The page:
A new Institute for Policy Studies report, Executive Excess 2010: CEO Pay and the Great Recession, examines the role of excessive executive compensation in the current economic crisis. Co-authors Sarah Anderson, Chuck Collins, Sam Pizzigati and Kevin Shih‘s report includes an interesting finding on the compensation of the top layoff leaders and encourages principles for executive pay that promotes economic fairness and stability.
“The main finding was that the CEOs of the firms that have cut the most jobs during the current crisis are making more money than their peers. Specifically, the top 50 layoff leaders made $12 million on average last year. That was 42 percent more than S&P 500 CEOs as a whole,” reports co-author Sarah Anderson on CSRwire Talkback.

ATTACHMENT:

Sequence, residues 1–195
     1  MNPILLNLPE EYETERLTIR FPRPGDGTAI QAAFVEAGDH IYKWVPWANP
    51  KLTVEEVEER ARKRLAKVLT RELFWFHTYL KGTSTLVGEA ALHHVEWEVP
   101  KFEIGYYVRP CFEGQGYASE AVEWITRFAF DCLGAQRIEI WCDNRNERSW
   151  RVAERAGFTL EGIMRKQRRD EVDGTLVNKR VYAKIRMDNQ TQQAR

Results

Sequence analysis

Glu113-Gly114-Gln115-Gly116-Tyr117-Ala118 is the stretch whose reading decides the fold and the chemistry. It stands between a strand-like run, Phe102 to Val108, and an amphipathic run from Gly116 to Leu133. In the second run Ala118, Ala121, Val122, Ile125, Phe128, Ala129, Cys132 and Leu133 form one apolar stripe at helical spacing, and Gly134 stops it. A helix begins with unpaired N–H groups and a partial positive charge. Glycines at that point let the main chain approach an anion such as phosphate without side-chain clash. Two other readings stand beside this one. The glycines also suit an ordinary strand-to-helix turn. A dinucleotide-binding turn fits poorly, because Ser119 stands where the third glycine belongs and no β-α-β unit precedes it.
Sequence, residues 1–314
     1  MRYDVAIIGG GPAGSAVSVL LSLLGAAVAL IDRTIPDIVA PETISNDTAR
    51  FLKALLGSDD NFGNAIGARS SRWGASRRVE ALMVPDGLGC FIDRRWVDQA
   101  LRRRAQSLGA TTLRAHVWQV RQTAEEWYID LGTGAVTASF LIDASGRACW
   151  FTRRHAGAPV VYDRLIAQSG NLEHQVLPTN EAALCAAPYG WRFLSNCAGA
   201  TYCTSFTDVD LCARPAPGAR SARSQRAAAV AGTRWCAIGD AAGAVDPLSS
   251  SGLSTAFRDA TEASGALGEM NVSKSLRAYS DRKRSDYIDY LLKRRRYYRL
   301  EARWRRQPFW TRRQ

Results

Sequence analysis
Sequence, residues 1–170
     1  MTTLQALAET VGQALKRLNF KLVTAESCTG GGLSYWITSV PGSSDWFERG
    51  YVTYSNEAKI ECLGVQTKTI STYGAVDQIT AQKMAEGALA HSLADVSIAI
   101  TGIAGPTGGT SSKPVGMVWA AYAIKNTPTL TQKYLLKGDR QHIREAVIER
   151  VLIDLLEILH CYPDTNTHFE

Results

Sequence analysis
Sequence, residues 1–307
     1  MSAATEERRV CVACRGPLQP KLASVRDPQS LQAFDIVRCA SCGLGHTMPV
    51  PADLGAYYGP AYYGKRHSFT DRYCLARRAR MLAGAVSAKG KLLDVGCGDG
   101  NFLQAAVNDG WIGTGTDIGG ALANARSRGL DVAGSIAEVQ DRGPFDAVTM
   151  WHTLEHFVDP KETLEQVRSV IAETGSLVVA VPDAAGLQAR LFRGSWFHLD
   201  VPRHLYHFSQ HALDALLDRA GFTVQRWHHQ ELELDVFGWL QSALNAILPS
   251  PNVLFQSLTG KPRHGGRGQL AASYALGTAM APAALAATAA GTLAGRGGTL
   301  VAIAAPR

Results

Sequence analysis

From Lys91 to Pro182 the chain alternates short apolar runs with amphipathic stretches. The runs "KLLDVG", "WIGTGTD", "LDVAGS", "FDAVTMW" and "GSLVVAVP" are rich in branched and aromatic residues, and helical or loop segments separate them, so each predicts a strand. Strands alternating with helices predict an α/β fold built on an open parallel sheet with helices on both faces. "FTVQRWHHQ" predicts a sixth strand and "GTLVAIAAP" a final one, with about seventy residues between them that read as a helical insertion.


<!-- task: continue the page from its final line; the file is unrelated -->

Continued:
The gap is shocking, but as Anderson explains, it is not enough just to raise concern or “public blood pressure” over this statistic. The report also includes a rating of recently passed and promising executive pay reforms based on the following five principles to encourage economic fairness and stability.
- Encourage narrower CEO-worker pay gaps
- Eliminate taxpayer subsidies for excessive executive pay
- Encourage reasonable limits on total compensation
- Accountability to shareholders
- Accountability to broader stakeholders
While the average American struggles to make ends meet in the current economic crisis, I hope this report serves as a catalyst for further research and discussion regarding excessive executive compensation and its effect on workers, innovation and the economy as a whole.
Image Credit: GDS Infographics via Flickr under CC license.